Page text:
GM President Imagines “Ultimate Car” From Parts Bin

There are a lot of perks that come with running a major car company. Access to all of the coolest and newest cars, for one. Then there’s the multimillion dollar bonuses, corporate jets, and all the brilliant minds employed by your company carrying out your every whim (at least within the limits of what the board of directors will allow…) With that in mind, what kind of car could you build if you had an unlimited budget and access to the latest automotive technology? Car & Driver asked GM’s North American President, Mark Reuss, what kind of car he would build with from GM’s “parts bin,” it’s entire collection of cutting edge technology. The car he came up with really is “ultimate” in many ways.For looks, it would be the 2002 Cadillac Cien concept, shown above, but with a lot of modifications to the drivetrain, and a lot more new technology. What Reuss would build is a plug-in hybrid supercar, utilizing the Chevy Volt’s T-shaped battery and electric motors. The electric motors would power the front wheels, providing up to 149 horsepower, and instant torque.

The rear wheels, meanwhile, would be powered by a mid-mounted 2.8 liter turbocharged V6. This would replace what the Cien concept had, a powerful V12 engine. Reuss thinks he can wring 440 horsepower and 450 ft-lbs of torque from the whole setup.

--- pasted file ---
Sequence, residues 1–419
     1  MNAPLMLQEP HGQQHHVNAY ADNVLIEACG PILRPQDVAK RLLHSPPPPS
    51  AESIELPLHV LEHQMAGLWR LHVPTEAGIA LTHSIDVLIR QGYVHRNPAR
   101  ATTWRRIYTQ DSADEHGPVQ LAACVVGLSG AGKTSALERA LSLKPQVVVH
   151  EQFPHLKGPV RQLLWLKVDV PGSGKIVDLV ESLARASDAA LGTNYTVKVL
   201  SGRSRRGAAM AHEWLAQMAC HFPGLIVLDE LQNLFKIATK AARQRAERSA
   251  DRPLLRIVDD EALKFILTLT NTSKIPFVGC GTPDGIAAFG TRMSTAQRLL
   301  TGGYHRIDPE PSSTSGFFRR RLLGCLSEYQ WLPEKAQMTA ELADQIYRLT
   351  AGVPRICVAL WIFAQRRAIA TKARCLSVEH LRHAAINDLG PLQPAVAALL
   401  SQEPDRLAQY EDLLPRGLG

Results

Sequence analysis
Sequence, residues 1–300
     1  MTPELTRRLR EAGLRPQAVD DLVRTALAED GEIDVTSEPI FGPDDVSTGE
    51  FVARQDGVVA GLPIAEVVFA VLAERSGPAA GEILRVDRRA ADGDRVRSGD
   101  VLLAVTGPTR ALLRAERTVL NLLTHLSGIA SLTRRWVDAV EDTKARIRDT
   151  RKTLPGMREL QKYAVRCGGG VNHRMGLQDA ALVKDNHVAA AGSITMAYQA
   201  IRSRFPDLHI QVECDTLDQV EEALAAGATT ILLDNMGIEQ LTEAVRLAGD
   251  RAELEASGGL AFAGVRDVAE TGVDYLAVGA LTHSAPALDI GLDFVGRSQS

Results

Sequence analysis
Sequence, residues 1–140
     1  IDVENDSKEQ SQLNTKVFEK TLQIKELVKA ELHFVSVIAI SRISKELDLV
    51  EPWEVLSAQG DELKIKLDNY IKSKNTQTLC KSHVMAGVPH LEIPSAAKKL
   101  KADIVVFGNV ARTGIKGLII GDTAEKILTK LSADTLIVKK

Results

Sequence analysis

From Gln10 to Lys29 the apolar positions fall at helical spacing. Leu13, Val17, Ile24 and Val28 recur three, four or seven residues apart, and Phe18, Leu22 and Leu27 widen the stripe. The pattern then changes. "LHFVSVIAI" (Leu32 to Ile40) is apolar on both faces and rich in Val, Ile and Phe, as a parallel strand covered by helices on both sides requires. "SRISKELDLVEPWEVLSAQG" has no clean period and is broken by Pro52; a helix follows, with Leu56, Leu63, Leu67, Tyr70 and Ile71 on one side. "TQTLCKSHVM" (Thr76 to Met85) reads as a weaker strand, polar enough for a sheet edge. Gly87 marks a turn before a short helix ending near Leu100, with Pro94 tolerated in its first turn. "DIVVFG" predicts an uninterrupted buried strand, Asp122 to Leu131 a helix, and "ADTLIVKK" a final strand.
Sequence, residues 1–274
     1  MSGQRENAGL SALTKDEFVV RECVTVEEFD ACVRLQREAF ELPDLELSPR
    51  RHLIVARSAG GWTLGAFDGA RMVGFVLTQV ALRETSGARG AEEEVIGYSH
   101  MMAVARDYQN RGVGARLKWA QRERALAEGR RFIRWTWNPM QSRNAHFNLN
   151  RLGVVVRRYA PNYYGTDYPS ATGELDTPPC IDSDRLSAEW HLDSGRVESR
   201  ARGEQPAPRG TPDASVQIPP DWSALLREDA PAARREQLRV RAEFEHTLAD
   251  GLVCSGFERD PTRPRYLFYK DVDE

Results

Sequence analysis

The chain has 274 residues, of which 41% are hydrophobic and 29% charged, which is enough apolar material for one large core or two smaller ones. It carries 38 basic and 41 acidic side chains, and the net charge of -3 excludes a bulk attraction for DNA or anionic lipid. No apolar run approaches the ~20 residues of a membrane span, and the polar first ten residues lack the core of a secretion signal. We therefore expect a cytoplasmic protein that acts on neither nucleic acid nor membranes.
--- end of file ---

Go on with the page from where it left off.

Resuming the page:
For brakes, Reuss’s ultimate car would get the carbon ceramic pads from the Corvette ZR1, and tires from the Camaro ZL1. The suspension and rear end would also be borrowed from the Corvette, and noise cancellation technology could keep the Cien’s cabin whisper-quiet in EV mode. The target weight? Just 3,800 pounds including goodies like Recaro seats and night vision windscreen technology.

Perhaps one day, Mr. Reuss will get a chance to build his ultimate car. If you had access to GM’s parts bin, what would you build?

About the author

Chris Demorro

Christopher DeMorro is a freelance writer and journalist from Connecticut with two passions in life; writing and anything with an engine. This has led him to pursue a full time career as a freelancer with a focus on motor vehicles of all kinds.
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